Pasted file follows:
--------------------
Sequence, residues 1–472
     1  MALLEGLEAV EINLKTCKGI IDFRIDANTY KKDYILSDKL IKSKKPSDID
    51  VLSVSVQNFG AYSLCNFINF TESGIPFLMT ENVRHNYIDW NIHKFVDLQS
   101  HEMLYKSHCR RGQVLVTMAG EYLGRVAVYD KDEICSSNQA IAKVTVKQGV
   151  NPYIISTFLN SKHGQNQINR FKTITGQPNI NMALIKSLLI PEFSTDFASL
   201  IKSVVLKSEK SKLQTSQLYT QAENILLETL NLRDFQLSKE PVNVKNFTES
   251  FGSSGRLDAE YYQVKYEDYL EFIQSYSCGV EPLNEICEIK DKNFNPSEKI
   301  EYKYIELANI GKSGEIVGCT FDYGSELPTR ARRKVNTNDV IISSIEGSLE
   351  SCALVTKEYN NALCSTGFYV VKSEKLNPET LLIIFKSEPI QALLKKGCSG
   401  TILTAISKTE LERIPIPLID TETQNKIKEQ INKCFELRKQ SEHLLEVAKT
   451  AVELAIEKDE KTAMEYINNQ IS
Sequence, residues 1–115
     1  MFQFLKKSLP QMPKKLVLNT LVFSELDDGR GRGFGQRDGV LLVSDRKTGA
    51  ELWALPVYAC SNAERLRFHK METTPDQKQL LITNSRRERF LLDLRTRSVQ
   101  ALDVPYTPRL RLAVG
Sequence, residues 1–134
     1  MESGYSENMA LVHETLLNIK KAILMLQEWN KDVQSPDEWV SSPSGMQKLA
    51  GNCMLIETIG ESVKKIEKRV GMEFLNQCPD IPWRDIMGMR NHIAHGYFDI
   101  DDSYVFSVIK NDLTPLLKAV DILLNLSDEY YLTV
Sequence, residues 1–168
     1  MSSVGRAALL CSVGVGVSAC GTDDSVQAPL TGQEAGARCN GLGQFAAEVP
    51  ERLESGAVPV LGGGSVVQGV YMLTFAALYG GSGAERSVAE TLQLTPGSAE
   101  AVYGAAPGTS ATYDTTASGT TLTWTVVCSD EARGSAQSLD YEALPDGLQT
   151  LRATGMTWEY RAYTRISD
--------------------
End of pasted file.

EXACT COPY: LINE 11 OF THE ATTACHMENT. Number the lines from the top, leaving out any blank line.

   451  AVELAIEKDE KTAMEYINNQ IS